The good news (?) is that eventually manufacturers will have to return packages to a respectable size and just raise the price, or they will have to somehow entirely redesign the packaging. In fact, I have seen the latter occur several times, often when they come up with an entirely new box or maybe switch from a metal can to a plastic pot and an entirely different approach. But eventually, explicit price increases are inescapable.
Len Penzo says
Thank you, Dave. Yes, I wish the manufacturers would simply raise the prices. In the grand scheme of things, the smaller package sizes do not prevent prices from rising anyway — they still increase, just not as quickly!
I hate this. Just ask my wife how much I rant against the smaller ice cream package sizes! Not only that, but for items that have been around for decades, such as Campbell’s Soup, this can start to throw off recipes that have been handed down for generations. Many recipes call for “one can of cream of mushroom soup,” for example, but if that can size changes over the years, the recipe fails.
But Tails has it right – if you stop buying pre-made packaged food, this won’t affect you as much. I’ve been making my own ice cream for years now. Not only does it taste better, but I know exactly how much I get each time I make a batch. we also tend to make also all our meals from scratch.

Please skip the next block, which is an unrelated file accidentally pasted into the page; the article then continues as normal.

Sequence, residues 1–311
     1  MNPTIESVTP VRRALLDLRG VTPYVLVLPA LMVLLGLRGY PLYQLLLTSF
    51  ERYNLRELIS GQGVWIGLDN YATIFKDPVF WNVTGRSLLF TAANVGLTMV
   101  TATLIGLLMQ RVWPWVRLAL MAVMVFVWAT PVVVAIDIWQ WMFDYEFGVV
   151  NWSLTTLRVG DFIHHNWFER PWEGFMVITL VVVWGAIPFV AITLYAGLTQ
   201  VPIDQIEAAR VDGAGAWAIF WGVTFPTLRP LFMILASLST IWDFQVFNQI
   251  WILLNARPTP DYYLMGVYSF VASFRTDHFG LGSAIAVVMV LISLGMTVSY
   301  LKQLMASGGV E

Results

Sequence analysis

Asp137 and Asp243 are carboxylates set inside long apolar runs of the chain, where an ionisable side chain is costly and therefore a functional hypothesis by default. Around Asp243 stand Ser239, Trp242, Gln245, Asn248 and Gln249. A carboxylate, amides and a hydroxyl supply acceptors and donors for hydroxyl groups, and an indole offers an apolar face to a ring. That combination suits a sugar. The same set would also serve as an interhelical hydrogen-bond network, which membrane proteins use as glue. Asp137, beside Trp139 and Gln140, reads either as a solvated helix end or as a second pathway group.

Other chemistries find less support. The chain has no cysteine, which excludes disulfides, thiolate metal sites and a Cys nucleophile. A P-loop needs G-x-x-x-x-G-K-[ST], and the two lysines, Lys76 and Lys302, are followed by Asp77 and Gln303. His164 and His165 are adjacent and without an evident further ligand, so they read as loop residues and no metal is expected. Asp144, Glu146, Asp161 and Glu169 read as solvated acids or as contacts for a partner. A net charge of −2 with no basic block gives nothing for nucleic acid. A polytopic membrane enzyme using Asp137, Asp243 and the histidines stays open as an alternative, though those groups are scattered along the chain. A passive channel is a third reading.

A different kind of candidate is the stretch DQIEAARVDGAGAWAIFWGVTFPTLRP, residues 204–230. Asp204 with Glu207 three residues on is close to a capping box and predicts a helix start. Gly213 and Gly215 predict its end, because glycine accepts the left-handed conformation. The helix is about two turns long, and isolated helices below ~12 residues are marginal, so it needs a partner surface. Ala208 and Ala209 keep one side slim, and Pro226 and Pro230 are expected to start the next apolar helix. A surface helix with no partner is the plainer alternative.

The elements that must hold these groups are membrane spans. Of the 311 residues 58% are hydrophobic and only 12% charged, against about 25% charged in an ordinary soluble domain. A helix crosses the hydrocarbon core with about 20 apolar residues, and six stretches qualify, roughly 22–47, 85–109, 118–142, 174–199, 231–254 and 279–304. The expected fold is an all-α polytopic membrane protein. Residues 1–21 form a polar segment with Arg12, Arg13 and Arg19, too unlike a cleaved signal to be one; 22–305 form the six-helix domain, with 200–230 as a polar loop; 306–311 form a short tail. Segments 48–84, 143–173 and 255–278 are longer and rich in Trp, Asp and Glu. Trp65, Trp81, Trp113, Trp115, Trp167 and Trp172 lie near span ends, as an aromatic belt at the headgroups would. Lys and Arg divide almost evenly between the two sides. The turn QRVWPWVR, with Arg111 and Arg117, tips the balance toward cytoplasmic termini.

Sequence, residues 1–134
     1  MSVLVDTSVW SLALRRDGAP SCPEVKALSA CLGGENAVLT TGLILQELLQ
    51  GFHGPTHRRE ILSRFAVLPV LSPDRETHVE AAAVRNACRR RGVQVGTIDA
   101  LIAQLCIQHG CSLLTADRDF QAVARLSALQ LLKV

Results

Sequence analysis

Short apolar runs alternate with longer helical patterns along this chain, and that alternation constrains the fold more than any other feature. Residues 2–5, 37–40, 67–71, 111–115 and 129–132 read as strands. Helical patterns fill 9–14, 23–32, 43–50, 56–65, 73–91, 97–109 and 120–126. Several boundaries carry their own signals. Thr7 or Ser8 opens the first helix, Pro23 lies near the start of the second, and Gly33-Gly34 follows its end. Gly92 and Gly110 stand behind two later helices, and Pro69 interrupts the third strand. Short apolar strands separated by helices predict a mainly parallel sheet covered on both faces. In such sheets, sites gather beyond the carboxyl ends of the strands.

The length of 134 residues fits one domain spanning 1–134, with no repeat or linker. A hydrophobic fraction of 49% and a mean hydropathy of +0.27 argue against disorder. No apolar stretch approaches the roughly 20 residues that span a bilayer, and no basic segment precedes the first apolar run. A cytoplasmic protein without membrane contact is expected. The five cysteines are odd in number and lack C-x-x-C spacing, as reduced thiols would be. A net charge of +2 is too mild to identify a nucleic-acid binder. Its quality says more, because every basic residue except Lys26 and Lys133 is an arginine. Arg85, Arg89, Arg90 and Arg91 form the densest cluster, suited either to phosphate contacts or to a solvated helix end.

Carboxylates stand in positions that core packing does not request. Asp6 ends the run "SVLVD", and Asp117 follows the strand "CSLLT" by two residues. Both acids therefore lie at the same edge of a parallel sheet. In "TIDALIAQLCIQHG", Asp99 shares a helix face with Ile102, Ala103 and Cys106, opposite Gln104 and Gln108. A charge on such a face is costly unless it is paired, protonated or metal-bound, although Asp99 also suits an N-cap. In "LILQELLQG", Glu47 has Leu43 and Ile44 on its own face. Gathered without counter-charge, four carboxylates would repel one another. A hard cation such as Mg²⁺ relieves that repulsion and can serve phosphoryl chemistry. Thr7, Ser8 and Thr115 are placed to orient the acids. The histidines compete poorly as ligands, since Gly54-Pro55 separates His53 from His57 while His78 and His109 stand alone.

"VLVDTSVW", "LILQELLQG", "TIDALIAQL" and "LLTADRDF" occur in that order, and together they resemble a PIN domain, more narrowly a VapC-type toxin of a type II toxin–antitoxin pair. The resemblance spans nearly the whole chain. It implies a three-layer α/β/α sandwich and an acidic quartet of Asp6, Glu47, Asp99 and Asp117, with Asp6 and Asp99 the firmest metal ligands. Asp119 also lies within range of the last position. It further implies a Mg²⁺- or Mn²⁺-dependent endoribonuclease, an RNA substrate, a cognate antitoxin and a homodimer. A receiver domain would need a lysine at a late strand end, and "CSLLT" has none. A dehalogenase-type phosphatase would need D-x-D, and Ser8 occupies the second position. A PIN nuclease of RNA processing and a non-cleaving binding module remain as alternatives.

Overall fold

I have also made sure to teach my daughter to check the per unit pricing on the shelf labels.
Len Penzo says
Me too, Shaun. There’s been more than a few times where reduced package sizes have impacted recipes I use. Very annoying.
You can actually see the way this is done. Look at the indentations on some plastic containers, they are getting larger all the time. Sometimes they try to disguise it by touting a new, more convenient package.
I find this shrinkage really annoying when it’s a product that was just right for our family for one meal, and now it’s not enough.
Len Penzo says
My father-in-law was railing about those container indentations this week when I mentioned this article to him.
I see them too. Very sneaky.
Here’s another vote for a raised price, rather than a sneaky trick with the package size. I think home cooks were the first to realize this trend, when our recipes no longer worked. It is beyond annoying to be forced to buy two 14-ounce cans, for example, to get the amount of product I used to find in one 16-ounce can – and then I have 12 ounces of product left over, which often must be stored somehow until I make that recipe again. Very wasteful.
Safeway bag of ICE is one that is going to be on your list. No more 10 poind bag of ice. Its now a 7 pound bag for the same dam price. I dont buy ice there its better too go too the Water and Ice store for ice now. 8 pound bag for $1.00. You save yourself $1.80. It’s lame. Powerade 32 oz is gone its now 28 oz. Same price.
Len Penzo says
Yes, it is crazy. I truly believe most people would just as soon deal with the higher costs and see the package sizes remain stable. It’s not a if they are fooling anyone; and if they it ain’t for long.